As for Tommaso Tommasi oh, the danger of a little learning ! Into what quagmires does it not lead those who flaunt it to impress you !
Tommasi's place among historians is on precisely the same plane as Alexandre Dumas's. His Vita di Cesare Borgia is on the same historical level as Les Borgias, much of which it supplied. Like Crimes Celebres, Tommasi's book is invested with a certain air of being a narrative of sober fact; but like Crimes Celebres, it is none the less a work of fiction.
This Tommaso Tommasi, whose real name was Gregorio Leti and it is under this that such works of his as are reprinted are published nowadays was a most prolific author of the seventeenth century, who, having turned Calvinist, vented in his writings a mordacious hatred of the Papacy and of the religion from which he had seceded. His Life of Cesare Borgia was published in 1670. It enjoyed a considerable vogue, was translated into French, and has been the chief source from which many writers of fiction and some writers of " fact" have drawn for subsequent work to carry forward the ceaseless defamation of the Borgias.
History should be as inexorable as Divine Justice. Before we admit facts, not only should we call for evidence and analyse it when it is forthcoming, but the very sources of such evidence should be examined, that, as far as possible, we may ascertain what degree of credit they deserve. In the study of the history of the Borgias, we repeat, there has been too much acceptance without question, too much taking for granted of matters whose incredibility frequently touches and occasionally oversteps the confines of the impossible.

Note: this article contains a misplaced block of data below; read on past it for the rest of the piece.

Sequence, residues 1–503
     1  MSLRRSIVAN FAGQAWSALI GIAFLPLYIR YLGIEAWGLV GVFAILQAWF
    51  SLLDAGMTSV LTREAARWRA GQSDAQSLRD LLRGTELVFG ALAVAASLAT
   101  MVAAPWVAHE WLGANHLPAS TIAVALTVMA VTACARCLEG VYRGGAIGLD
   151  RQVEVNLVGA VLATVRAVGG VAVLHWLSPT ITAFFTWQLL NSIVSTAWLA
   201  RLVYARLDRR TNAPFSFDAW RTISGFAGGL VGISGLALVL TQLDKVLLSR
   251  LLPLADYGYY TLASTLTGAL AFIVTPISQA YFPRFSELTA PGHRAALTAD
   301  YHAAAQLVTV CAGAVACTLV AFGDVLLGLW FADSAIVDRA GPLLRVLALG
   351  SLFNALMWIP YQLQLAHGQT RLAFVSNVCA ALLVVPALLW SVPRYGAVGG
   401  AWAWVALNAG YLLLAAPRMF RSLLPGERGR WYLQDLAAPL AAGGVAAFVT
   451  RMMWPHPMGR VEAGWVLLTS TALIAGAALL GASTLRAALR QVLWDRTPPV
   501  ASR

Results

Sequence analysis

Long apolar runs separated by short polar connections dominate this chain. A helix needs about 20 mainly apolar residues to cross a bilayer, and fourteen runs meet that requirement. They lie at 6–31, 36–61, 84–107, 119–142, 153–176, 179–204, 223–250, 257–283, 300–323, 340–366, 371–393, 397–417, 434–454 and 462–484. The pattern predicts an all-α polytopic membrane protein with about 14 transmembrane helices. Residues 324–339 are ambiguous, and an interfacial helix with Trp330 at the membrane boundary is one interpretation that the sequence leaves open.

One man knew Cesare Borgia better, perhaps, than did any other contemporary, of the many who have left more or less valuable records; for the mind of that man was the acutest of its age, one of the acutest Italy and the world have ever known. That man was Niccolo Macchiavelli, Secretary of State to the Signory of Florence. He owed no benefits to Cesare ; he was the ambassador of a power that was ever inimical to the Borgias; so that it is not to be dreamt that his judgement suffered from any bias in Cesare's favour. Yet he accounted Cesare Borgia as we shall see the incarnation of an ideal conqueror and ruler ; he took Cesare Borgia as the model for his famous work The Prince, written as a grammar of statecraft for the instruction in the art of government of that weakling Giuliano de' Medici.
Macchiavelli pronounces upon Cesare Borgia the following verdict :
" If all the actions of the duke are taken into consideration, it will be seen how great were the foundations he had laid to future power. Upon these I do not think it superfluous to discourse, because I should not know what better precept to lay before a new prince than the ex ample of his actions ; and if success did not wait upon what dispositions he had made, that was through no fault of his own, but the result of an extraordinary and extreme malignity of fortune"